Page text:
German industry called for a customs union between Europe and the U.K., saying it would soften “the horror of Brexit.”
Declining trade with Britain, the threat of U.K. regulatory hurdles to German industrial exports and the risk that talks will end in a “hard Brexit” require a broader solution than a free-trade agreement, Germany’s BDI industry federation and the VDMA machinery association said on Tuesday.
The groups, which commented in separate statements, are seeking to inject urgency into divorce talks between Britain and the European Union ahead of German Chancellor Angela Merkel’s inauguration to a fourth term on Wednesday and an EU summit next week.
“For German companies, trade in manufactured goods without duties and quotas is the minimum requirement, ideally within a customs union,” BDI general manager Joachim Lang said.
For the U.K., “Brexit is casting its shadow” as United Nations data suggest that foreign direct investment fell by 90 percent last year and Britain declined to Germany’s fifth-biggest trade partner from third in 2016, Lang said in the statement.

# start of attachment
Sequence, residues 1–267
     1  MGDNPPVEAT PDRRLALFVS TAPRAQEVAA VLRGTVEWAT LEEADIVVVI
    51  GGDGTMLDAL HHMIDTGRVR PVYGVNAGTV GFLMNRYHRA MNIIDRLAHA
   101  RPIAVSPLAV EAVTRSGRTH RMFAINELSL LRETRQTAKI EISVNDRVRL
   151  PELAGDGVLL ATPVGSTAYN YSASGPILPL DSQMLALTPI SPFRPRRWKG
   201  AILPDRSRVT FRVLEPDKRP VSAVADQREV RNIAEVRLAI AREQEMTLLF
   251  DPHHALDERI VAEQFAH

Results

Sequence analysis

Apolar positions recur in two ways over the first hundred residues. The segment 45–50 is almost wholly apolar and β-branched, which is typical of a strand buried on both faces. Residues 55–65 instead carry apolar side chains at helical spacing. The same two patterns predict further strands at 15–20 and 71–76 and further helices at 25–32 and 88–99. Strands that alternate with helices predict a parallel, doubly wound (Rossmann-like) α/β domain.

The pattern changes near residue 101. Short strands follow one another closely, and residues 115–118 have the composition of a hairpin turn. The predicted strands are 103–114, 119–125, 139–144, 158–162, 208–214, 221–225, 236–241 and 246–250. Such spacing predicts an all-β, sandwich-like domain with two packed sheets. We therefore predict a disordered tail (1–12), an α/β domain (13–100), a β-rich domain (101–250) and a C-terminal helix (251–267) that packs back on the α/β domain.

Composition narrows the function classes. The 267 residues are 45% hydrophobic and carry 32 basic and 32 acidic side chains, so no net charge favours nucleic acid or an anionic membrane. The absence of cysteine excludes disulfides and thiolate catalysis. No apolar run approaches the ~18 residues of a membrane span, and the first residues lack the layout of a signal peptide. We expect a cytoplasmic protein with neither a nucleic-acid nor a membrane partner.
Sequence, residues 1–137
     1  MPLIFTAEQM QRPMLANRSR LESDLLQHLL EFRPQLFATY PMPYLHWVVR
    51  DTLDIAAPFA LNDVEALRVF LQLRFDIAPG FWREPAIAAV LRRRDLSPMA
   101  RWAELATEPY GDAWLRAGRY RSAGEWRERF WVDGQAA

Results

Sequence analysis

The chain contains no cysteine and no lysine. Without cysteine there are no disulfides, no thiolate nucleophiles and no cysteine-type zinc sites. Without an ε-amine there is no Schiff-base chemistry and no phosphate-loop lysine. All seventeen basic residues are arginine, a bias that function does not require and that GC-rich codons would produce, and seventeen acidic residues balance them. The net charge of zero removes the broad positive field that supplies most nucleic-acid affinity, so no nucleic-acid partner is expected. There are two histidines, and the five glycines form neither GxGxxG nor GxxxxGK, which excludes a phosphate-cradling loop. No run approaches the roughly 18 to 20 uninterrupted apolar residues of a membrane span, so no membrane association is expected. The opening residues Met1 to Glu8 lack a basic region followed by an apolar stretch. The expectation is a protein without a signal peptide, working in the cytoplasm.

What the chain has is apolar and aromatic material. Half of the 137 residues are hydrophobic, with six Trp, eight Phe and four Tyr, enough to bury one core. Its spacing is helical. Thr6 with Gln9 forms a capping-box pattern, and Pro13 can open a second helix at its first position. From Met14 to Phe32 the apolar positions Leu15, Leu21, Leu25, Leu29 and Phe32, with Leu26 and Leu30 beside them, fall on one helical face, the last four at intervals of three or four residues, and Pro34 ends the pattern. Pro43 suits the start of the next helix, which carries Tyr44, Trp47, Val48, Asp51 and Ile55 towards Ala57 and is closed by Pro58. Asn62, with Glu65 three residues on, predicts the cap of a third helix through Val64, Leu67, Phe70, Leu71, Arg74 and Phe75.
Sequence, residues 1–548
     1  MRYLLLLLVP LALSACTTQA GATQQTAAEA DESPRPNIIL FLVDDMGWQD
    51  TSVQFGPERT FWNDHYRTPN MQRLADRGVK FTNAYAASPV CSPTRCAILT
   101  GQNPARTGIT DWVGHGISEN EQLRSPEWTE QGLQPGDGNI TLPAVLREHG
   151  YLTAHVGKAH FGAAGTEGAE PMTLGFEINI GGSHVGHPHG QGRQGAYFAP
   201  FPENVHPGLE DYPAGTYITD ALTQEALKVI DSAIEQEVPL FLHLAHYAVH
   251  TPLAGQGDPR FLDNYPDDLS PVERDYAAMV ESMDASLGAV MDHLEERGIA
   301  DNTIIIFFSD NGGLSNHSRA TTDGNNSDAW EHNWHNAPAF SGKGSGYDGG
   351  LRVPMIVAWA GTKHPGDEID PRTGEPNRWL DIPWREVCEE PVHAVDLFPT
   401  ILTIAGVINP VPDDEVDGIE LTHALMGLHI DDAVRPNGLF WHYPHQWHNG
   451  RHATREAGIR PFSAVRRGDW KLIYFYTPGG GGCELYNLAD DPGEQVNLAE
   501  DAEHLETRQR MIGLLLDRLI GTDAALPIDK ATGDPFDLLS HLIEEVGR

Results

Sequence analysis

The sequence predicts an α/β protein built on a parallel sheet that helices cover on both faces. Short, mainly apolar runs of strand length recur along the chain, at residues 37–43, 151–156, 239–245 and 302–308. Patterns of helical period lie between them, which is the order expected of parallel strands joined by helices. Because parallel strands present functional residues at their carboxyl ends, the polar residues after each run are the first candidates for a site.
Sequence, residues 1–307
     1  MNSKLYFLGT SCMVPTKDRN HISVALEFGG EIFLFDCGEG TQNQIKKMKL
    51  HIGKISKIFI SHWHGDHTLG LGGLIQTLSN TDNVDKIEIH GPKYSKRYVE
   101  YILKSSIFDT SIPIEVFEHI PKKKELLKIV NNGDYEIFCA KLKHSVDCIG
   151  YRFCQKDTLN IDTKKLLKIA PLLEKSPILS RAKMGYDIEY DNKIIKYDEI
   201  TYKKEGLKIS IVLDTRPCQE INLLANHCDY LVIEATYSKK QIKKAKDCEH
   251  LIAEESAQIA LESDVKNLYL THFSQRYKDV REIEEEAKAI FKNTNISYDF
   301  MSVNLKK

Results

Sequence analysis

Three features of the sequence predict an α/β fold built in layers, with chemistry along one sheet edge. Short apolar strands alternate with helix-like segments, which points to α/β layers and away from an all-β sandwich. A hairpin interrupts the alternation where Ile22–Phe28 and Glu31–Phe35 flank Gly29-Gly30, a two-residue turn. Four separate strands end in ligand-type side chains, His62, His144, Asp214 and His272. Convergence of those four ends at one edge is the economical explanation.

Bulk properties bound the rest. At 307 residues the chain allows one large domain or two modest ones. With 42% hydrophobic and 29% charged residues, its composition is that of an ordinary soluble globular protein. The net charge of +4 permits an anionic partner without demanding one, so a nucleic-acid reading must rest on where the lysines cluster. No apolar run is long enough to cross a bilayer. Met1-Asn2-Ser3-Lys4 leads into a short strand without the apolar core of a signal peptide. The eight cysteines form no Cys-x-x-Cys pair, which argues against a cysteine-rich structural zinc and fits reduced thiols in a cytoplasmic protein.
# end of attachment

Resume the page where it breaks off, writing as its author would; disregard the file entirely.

EU leaders meeting next week in Brussels should commit to a transition period for the U.K. starting next year, “otherwise some companies will be forced to activate their emergency plans,” the BDI head said.
VDMA, which represents about 6,400 companies in mechanical and plant engineering, said Brexit threatens to increase the cost of German exports to the U.K. because legal and technical requirements will diverge from EU rules over time.
“A trade agreement would result in border inspections and customs processing, even if both sides agree to forgo customs duties,” VDMA general manager Thilo Brodtmann said. In contrast, “a customs union between the EU and Britain would ease much of the horror of Brexit.”